Researchers at the University of Michigan have had initial success in mice using nanodiscs to deliver a customized therapeutic vaccine for the treatment of colon and melanoma cancer tumors.
“We are basically educating the immune system with these nanodiscs so that immune cells can attack cancer cells in a personalized manner,” said James Moon, the John Gideon Searle assistant professor of pharmaceutical sciences and biomedical engineering.
Personalized immunotherapy is a fast-growing field of research in the fight against cancer.
The therapeutic cancer vaccine employs nanodiscs loaded with tumor neoantigens, which are unique mutations found in tumor cells. By generating T-cells that recognize these specific neoantigens, the technology targets cancer mutations and fights to eliminate cancer cells and prevent tumor growth.
Unlike preventive vaccinations, therapeutic cancer vaccines of this type are meant to kill established cancer cells.
“The idea is that these vaccine nanodiscs will trigger the immune system to fight the existing cancer cells in a personalized manner,” Moon said.
The nanodisc technology was tested in mice with established melanoma and colon cancer tumors. After the vaccination, twenty-seven percent of T-cells in the blood of the mice in the study targeted the tumors.
When combined with immune checkpoint inhibitors, an existing technology that amplifies T-cell tumor-fighting responses, the nanodisc technology killed tumors within 10 days of treatment in the majority of the mice. After waiting 70 days, researchers then injected the same mice with the same tumor cells, and the tumors were rejected by the immune system and did not grow.
“This suggests the immune system ‘remembered’ the cancer cells for long-term immunity,” said Rui Kuai, U-M doctoral student in pharmaceutical sciences and lead author of the study.
“The holy grail in cancer immunotherapy is to eradicate tumors and prevent future recurrence without systemic toxicity, and our studies have produced very promising results in mice,” Moon said.
The technology is made of extremely small, synthetic high density lipoproteins measuring roughly 10 nanometers. By comparison, a human hair is 80,000 to 100,000 nanometers wide.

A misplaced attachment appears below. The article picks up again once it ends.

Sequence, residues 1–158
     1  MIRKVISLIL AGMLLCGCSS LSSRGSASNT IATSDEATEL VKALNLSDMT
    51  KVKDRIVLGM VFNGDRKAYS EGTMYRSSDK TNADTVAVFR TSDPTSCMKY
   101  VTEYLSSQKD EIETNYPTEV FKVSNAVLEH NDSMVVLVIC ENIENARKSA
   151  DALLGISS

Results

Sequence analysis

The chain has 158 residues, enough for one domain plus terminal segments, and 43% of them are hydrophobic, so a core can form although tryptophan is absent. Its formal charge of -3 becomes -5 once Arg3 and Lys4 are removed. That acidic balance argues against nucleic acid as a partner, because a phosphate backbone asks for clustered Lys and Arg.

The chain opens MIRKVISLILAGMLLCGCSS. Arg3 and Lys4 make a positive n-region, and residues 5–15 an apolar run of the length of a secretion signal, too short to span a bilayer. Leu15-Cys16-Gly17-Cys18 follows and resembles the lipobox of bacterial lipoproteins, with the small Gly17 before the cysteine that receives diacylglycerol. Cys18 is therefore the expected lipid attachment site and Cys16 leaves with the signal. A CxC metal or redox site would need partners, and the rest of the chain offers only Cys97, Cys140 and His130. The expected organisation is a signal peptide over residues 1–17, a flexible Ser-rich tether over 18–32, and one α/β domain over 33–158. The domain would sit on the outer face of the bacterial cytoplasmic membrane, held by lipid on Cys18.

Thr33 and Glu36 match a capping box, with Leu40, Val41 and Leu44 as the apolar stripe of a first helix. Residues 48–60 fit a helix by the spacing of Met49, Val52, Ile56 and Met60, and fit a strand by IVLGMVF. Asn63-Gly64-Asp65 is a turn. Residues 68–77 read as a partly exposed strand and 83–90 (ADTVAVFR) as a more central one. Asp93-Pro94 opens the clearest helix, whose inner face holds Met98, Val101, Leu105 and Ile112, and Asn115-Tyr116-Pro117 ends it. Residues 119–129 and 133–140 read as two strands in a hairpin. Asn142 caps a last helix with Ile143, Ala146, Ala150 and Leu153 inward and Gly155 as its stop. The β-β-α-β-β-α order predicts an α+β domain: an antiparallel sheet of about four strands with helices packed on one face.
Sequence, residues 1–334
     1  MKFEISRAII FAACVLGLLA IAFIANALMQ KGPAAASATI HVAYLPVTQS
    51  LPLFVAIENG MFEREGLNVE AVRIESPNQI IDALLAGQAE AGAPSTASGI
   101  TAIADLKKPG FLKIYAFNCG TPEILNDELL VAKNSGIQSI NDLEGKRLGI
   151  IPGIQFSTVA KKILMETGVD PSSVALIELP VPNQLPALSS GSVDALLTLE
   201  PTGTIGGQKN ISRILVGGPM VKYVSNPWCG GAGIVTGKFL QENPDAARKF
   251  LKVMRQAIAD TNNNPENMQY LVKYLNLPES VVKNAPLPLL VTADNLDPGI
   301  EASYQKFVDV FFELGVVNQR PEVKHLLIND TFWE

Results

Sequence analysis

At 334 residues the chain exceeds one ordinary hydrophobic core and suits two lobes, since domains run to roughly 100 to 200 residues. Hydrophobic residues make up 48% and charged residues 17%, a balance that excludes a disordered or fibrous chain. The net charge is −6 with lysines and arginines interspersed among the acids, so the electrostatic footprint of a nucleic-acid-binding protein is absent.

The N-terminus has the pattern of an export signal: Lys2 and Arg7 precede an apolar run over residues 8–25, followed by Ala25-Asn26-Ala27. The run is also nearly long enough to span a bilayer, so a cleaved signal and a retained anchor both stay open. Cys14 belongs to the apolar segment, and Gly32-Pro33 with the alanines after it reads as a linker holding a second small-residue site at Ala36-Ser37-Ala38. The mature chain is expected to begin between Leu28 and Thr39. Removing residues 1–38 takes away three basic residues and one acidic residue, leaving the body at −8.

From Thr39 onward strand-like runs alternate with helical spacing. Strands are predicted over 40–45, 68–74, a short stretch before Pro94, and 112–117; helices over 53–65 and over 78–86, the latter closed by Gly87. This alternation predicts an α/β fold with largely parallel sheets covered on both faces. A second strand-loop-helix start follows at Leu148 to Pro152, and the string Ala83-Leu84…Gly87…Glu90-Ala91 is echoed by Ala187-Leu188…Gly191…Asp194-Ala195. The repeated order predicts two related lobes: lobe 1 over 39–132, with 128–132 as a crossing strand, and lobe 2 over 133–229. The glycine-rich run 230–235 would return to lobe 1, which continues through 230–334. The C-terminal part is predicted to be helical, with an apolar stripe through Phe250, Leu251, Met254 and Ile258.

“It’s a powerful vaccine technology that efficiently delivers vaccine components to the right cells in the right tissues. Better delivery translates to better T-cell responses and better efficacy,” said study co-senior author Anna Schwendeman, U-M assistant professor of pharmacy.
The next step is to test the nanodisc technology in a larger group of larger animals, Moon said.
May even work on melanomas that have resisted treatment
An experimental cancer drug works differently than intended and shows significant promise for stopping melanoma and possibly other forms of cancer, research from the University of Virginia School of Medicine suggests. The findings also indicate the drug may be effective against melanomas that have resisted other forms of treatment.
The drug, pevonedistat, is already being tested in people. Scientists have been uncertain exactly how it kills cancer cells, as it shuts down many different cellular proteins – hundreds if not thousands. But the UVA researchers, led by Tarek Abbas, PhD, of the Department of Radiation Oncology and the UVA Cancer Center, have determined that the drug acts upon a particular protein that melanomas and other cancers rely on to replicate with great speed and deadly effect. By denying the cancers this essential ingredient, doctors may be able to stop melanomas and other forms of the disease.
“We think that this is what lets the cancer cells cope with the amount of replication they must undergo,” Abbas said. “They divide in uncontrolled fashion, and those cells that divide faster and more frequently are under tremendous replication stress, so these cancer cells needed to be able to develop a way to cope with that.”
The critical protein blocked by pevonedistat is produced by the gene CDT2, and it is vital for malignant cancer cells to survive. Without it, the cells stop replicating and begin to fall apart. “We have great understanding now for how the drug works,” Abbas said. “And we think the drug works not because of its intended target, but rather because it works on [the CDT2 protein] way downstream of that.”
Excessive amounts of the protein are produced in melanoma cells, and patients with high levels of it are less likely to survive. “These tumors, and not necessarily just melanoma, they are addicted to this gene,” Abbas said. “And that makes them very susceptible to the drug. In fact, we showed, that melanoma cells that have higher levels of expression of CDT2 are much more susceptible to the drug.”
High levels of the CDT2 protein are also found in many other tumors, he noted, including brain, breast and liver tumors. Doctors may one day use the level of the protein as a way to gauge disease prognosis.
‘We Have Great Hope’
The safety and effectiveness of pevonedistat in people is still being tested, and it is not yet available as a treatment. But Abbas, who has not been involved in the drug’s testing, is optimistic based on his findings. “We have great hope that this drug will have very significant impact on melanoma in general. … In fact, the drug is very effective on all melanomas, including those for which an effective therapeutic is lacking,” he said. “We actually show this drug can work on melanoma that resisted treatment, which is a major challenge in melanoma therapy. … If approved by the FDA and it moves forward, this drug could potentially be a good second-line therapy for those patients that fail initial treatment.”